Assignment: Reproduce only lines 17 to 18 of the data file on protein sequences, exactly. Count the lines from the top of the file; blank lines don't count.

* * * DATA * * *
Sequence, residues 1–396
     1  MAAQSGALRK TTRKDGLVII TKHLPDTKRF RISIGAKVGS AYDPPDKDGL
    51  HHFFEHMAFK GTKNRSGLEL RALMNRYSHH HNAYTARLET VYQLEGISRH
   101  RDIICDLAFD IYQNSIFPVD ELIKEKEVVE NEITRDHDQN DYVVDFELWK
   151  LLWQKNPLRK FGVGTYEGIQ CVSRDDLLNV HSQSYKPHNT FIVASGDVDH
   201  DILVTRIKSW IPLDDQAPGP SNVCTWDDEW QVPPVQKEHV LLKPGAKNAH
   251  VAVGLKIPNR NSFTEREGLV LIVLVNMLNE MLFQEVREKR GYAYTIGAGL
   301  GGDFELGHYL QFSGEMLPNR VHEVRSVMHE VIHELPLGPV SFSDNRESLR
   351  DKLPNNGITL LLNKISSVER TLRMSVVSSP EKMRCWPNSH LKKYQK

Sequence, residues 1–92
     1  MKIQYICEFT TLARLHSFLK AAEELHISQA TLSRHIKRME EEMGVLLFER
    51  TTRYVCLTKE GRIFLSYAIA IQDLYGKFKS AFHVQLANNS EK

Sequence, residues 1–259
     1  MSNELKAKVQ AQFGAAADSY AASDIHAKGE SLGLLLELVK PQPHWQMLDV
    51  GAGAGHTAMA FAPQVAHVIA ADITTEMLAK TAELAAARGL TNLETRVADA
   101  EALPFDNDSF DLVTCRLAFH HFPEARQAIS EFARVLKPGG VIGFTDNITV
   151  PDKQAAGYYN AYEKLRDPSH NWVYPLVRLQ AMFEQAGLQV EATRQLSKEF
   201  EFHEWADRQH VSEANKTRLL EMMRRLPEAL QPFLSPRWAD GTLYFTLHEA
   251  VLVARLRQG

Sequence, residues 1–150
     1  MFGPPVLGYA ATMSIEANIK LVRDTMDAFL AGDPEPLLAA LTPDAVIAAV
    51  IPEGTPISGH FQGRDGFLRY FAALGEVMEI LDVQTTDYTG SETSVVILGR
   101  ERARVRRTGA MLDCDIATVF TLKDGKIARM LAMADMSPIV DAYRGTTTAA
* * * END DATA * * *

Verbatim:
   151  PDKQAAGYYN AYEKLRDPSH NWVYPLVRLQ AMFEQAGLQV EATRQLSKEF
   201  EFHEWADRQH VSEANKTRLL EMMRRLPEAL QPFLSPRWAD GTLYFTLHEA